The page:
Whereas the ISSA is not designed for efficient analysis of celestial point sources, the filter used to smooth the full resolution IRAS data to effectively 2' samples for the ISSA input data conserves the point source flux to within 10%. Since the basic calibration of the IRAS data is based on point source measurements, testing the fidelity of the reproduction of IRAS Point Source Catalog fluxes in ISSA is an important check on the calibration consistency of ISSA. Point sources for analysis were the same as for position accuracy (§IV.B) and are listed in Table IV.B.1. The integrated flux densities of the selected point sources were measured within circular apertures ranging in size from 2.5' to 9' radius using an annular area from the outer radius of the measuring aperture to a radius of 10' as a background reference. The appropriate AC/DC factor was applied to the extracted point source fluxes (§II.B.2). Plots of the PSC flux vs. the AC-adjusted ISSA flux were made for each aperture size and each wavelength. Fits to the data give the ratio of ISSA flux density to PSC flux density for each aperture size. A plot of the ISSA/PSC flux density ratio vs. aperture size gives the encircled flux density as a function of aperture size for the ISSA data. Assuming a Gaussian shape for the ISSA PSF, the flux density ratio should flatten to a value of 1.00 at an aperture diameter about 3.1 times the FWHM of the ISSA point spread function.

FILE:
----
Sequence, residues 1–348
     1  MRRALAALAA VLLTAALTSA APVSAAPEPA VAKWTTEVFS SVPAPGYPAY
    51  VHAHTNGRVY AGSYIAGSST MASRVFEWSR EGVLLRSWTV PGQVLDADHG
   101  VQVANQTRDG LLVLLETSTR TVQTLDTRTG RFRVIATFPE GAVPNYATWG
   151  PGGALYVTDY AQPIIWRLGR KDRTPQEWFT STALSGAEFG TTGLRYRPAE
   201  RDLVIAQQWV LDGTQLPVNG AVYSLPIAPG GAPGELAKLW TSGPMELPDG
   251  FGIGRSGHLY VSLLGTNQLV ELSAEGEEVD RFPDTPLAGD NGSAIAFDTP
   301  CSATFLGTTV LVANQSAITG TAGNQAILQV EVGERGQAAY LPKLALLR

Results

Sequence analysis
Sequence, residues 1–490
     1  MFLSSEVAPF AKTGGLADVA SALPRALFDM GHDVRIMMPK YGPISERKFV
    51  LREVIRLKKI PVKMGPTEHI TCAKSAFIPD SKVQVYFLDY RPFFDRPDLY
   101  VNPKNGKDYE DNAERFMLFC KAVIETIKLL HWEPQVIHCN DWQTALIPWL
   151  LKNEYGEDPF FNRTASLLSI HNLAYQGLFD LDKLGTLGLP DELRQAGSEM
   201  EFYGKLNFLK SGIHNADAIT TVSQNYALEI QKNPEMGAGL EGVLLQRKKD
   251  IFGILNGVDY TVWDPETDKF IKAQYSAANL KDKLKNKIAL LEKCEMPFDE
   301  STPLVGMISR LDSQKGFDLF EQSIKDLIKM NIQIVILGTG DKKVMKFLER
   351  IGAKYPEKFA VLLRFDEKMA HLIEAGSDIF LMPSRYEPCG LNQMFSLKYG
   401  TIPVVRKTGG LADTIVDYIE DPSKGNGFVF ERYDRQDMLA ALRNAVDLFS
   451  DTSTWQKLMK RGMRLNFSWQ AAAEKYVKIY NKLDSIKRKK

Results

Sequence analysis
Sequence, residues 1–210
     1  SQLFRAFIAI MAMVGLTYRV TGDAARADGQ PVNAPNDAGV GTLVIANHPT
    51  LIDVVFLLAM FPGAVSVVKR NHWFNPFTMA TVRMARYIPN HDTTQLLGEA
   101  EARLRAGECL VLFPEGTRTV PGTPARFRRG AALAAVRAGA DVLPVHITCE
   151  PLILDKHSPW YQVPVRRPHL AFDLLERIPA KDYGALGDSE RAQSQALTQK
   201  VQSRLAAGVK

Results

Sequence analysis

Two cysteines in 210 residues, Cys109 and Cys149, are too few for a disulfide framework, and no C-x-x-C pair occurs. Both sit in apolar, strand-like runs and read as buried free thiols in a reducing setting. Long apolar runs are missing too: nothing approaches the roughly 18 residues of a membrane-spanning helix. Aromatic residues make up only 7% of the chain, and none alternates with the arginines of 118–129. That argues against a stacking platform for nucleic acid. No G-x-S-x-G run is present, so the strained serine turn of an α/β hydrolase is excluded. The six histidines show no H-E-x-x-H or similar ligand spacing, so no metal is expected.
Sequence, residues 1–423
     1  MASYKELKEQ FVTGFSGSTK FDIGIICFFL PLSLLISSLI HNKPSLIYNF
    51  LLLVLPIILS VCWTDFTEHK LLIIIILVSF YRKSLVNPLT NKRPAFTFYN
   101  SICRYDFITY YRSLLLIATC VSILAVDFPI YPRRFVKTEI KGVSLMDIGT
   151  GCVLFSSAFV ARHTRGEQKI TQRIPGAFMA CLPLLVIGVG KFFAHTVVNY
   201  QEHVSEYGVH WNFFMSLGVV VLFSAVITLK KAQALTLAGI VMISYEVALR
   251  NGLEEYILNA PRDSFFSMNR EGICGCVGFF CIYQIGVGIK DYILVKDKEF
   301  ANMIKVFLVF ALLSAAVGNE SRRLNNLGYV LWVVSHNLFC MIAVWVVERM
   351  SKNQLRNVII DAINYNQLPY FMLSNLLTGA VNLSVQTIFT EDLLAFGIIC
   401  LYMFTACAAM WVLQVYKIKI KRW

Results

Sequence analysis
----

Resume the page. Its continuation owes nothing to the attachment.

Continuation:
Figure IV.D.1 Scatter Plots of PSC vs. ISSA Point Source Fluxes Measured with a 9' Aperture (continued next page)